They usually hunt alone in meadows, the natural environment of their most common prey items; mice and voles. With their acute sense of hearing, they can locate rodents through the thick grass and in their underground burrows. They wait until the mouse or vole comes above ground, then the fox jumps high in the air and pounces on its prey in a cat-like manner. Foxes tend to be extremely possessive of their food and will not share it with others. Exceptions to this rule include dog foxes feeding vixens during courtship and vixens feeding cubs.

Red foxes have proportionately small stomachs for their size and can only eat half as much food in relation to their body weight as wolves and dogs can (about 10% versus 20%). In periods of scarcity, foxes will cache their food as a resort against starvation. They typically store their food in shallow 5-10 cm deep holes. Foxes tend to build as many small caches as possible, and scatter them across their territories rather than storing their food in a central location. The reason behind this behavior (as opposed to hoarding behavior seen in other animals) is to prevent a loss of the fox's entire food supply in the event that another animal finds the store.

General characteristics

Most foxes live 2 to 3 years but can survive for up to 10 years, or even longer, in captivity. Foxes are generally smaller than other members of the family Canidae such as wolves, jackals, and domestic dogs. Fox-like features typically include an acute muzzle (a "fox face") and bushy tail. Other physical characteristics vary according to their habitat. For example, the Fennec Fox (and other species of foxes adapted to life in the desert, such as the kit fox) has large ears and short fur, whereas the Arctic Fox has small ears and thick, insulating fur. Another example is the Red Fox which has a typical auburn pelt ending normally with white marking.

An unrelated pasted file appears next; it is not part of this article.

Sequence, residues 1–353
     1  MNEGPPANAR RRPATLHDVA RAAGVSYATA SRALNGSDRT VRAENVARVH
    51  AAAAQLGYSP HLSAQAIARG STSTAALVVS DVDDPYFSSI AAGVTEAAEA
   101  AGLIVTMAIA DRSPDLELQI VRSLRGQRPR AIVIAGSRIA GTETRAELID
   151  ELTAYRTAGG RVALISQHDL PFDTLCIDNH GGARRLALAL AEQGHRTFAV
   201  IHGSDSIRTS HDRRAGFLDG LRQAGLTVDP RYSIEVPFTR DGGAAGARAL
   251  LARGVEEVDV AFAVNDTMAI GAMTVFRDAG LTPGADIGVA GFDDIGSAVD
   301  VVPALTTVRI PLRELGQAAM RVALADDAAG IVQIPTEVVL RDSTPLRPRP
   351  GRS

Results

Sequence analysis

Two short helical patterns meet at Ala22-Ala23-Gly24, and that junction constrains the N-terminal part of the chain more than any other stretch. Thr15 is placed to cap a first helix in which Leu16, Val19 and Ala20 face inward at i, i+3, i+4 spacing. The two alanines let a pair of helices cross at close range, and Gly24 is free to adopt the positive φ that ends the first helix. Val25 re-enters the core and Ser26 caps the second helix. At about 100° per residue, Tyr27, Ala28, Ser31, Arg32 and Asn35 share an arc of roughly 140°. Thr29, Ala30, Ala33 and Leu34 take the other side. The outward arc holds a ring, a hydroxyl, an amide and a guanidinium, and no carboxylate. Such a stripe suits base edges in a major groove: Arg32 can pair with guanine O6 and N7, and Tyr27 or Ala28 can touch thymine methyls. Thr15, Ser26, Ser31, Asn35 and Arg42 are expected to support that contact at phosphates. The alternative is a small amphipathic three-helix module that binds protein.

Unlike many canids, foxes are usually not pack animals. Typically, they are solitary, opportunistic feeders that hunt live prey (especiallyFoxes rodents). Using a pouncing technique practiced from an early age, they are usually able to kill their prey quickly. Foxes also gather a wide variety of other foods ranging from grasshoppers to fruit and berries.

Foxes are normally extremely wary of humans and are not kept as pets (with the exception of the Fennec); however, the Silver Fox was successfully domesticated in Russia after a 45 year selective breeding program. This selective breeding also resulted in physical traits appearing that are frequently seen in domestic cats, dogs, and other animals: pigmentation changes, floppy ears, and curly tails.


Foxes include members of the following genera:

* Alopex (Arctic Fox, sometimes included with the "true" foxes in genus Vulpes)

* Cerdocyon (Crab-eating Fox)

* Chrysocyon (Maned Wolf in English, "Big Fox" in Guarani and "Reddish Fox" in Spanish)

* Dusicyon (Falkland Island Fox)

* Lycalopex (Hoary Fox)

* Otocyon (Bat-eared Fox)

* Pseudalopex (four South American species, including the Culpeo)

* Urocyon (Gray Fox, Island Fox and Cozumel Fox)

* Vulpes (the ten or so species of "true" foxes, including the Red Fox, Vulpes vulpes)